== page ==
The next morning, after I canceled my 1:00 dental appointment (still need to reschedule that), my next-door neighbor suggested calling the city to see if they’d run a camera down the line for me. That at least would clarify if the problem was outside or inside the house. Since I had a backup into the house, the city sent Carl and Pete…names that bode well in my family and friends circle…came right out with a camera. The city was so eager to help because they wanted to be the ones to decide if the blockage was on my side of the sidewalk or their side. They found the blockage very quickly only about 9 feet from my house, which was certainly my side of the sidewalk. They aren’t allowed to recommend plumbers, but they told me a few they’ve had problems with and one they’ve not had problems with. Since the last plumber I dealt with was prohibitively costly, I went with Carl and Pete’s non-official suggestion.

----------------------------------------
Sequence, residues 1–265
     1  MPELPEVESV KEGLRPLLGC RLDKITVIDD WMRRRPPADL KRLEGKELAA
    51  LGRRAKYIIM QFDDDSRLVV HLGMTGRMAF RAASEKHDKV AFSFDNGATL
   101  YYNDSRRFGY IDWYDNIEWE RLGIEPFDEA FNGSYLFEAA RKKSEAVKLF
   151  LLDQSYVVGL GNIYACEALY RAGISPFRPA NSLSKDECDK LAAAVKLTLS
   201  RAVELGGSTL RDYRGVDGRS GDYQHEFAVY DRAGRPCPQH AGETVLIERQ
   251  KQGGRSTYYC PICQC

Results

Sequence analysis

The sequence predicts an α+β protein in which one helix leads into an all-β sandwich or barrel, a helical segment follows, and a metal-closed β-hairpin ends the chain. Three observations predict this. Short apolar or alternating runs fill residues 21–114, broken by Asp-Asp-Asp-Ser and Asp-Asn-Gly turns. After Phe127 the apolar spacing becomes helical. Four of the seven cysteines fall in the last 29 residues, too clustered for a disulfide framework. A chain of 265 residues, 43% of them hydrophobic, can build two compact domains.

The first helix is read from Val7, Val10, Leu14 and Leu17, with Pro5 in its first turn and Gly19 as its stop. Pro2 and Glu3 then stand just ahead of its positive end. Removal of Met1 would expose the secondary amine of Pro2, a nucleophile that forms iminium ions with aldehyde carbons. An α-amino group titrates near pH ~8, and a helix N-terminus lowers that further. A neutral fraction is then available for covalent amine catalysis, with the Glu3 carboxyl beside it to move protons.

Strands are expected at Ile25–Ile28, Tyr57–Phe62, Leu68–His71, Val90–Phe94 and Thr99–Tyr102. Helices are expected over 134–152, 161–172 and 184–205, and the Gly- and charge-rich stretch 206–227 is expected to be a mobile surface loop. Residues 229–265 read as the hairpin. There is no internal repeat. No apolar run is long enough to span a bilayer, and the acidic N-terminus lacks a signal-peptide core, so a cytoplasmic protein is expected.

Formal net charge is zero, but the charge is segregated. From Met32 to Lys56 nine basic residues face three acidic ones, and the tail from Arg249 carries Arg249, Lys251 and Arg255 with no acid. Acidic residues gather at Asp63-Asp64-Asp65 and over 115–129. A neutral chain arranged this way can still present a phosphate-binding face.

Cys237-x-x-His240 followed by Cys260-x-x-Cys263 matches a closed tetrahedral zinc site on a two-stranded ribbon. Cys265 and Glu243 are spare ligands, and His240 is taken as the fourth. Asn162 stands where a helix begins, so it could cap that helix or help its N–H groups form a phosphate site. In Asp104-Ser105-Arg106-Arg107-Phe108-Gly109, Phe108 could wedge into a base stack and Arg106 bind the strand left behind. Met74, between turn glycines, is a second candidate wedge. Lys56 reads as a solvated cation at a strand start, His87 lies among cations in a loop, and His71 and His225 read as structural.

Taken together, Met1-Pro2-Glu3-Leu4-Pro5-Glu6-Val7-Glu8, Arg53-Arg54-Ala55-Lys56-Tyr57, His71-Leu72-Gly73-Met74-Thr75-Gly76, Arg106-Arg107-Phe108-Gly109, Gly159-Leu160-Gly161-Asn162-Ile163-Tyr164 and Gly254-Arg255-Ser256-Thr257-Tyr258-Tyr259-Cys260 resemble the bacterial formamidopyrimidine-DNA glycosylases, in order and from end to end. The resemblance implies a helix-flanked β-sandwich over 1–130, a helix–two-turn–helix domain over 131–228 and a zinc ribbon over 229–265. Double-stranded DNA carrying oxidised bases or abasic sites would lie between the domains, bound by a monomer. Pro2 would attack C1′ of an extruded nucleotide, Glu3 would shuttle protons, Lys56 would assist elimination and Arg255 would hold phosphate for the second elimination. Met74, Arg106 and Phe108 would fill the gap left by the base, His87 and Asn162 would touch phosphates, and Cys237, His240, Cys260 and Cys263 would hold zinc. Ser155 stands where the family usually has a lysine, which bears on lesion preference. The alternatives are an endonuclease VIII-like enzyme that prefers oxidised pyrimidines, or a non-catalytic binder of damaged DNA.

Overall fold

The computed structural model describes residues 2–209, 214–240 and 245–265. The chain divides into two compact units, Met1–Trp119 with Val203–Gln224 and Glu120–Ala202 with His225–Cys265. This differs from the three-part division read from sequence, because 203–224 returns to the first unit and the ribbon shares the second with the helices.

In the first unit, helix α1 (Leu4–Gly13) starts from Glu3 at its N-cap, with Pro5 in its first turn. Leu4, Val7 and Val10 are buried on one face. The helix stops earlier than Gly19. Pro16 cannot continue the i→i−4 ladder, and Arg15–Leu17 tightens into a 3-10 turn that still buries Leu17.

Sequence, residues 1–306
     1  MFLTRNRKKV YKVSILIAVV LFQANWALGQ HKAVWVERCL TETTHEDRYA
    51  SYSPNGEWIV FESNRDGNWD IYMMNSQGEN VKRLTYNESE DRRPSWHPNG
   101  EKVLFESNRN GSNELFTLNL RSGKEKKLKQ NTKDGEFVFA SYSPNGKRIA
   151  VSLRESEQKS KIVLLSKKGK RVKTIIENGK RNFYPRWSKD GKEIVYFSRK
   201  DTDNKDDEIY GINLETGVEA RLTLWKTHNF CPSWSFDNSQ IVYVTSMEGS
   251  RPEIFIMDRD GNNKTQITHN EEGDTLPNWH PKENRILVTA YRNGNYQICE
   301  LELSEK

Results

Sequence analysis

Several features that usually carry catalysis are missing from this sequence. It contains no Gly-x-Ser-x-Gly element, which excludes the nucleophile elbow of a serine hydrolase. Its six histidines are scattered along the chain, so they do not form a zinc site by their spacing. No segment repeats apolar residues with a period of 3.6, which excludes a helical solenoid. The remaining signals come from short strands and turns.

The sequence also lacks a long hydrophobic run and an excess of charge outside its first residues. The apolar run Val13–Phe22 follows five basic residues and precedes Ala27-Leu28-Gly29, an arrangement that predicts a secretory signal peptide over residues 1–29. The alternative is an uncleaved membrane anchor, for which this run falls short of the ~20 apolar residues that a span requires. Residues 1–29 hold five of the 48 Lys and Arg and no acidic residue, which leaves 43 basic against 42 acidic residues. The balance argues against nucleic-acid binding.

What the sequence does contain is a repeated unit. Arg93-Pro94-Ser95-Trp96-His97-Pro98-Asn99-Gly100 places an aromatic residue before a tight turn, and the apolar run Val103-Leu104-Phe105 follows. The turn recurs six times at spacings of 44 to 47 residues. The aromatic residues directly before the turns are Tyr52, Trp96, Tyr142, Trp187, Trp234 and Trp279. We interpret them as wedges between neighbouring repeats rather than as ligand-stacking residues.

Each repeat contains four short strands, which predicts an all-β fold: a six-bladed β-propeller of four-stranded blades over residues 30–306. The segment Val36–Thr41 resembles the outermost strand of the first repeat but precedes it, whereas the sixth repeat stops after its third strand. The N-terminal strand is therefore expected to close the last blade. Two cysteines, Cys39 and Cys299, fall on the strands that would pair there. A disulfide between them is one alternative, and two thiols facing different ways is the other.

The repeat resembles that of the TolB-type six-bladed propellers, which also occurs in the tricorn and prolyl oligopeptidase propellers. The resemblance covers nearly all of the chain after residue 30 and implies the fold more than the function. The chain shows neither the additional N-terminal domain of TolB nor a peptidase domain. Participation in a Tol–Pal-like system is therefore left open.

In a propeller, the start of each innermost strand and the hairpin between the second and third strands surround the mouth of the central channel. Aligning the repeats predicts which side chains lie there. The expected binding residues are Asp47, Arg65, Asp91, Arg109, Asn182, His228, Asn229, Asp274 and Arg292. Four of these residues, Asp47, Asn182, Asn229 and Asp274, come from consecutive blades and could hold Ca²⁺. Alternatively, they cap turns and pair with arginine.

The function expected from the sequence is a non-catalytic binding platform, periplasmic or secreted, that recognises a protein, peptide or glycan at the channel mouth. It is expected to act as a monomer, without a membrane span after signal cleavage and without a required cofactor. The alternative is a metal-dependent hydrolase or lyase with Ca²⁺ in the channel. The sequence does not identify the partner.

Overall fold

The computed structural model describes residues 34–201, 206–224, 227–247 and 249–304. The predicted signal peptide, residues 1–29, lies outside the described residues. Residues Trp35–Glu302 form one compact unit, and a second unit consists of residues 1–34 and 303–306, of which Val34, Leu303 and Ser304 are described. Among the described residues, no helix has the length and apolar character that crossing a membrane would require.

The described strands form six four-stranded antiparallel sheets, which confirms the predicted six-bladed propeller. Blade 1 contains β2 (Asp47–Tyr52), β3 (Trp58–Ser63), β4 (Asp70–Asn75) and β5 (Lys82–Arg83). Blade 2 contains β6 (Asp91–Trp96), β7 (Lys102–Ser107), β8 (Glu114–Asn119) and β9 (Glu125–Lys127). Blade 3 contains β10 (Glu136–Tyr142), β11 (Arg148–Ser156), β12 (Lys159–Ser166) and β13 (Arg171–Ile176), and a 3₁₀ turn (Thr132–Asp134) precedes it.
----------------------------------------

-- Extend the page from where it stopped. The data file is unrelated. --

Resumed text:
When I called the plumbers they started trying to convince me I needed to dig up my yard and put in a new water line and valve because the clean out valve put in ten years ago was about 12 feet from the house and should have been right up by the house. Since it was a dozen feet from the house they were going to be rodding toward the house and that might not work. I was quickly losing confidence in this plumber and did finally get him to stop lecturing/selling to me and agree to send a crew to rod out the line. I also arranged to have the city send a crew to witness the work. The city agrees to do this partly as a courtesy, but also to make sure nothing happens to damage their main lines. An hour later the plumbers arrived and rodded out the line with no trouble and in less than 30 minutes. The city crew was Dan and Kirby, who actually knew one of the plumbers. The only problem was that the man hole cover over the main line was frozen so Dan used a sledge hammer to jar it lose and broke the sledge hammer. The plumbing crew spent a few minutes stressing I should have an open valve closer to the house, but said it’s cheaper to do that in the spring. Why, I don’t know, but they also said the yard recovers more quickly if it’s dug up in the winter and snow buries it. Since they were able to clear the blockage, I’m not having my yard dug up…but the line hasn’t been checked yet.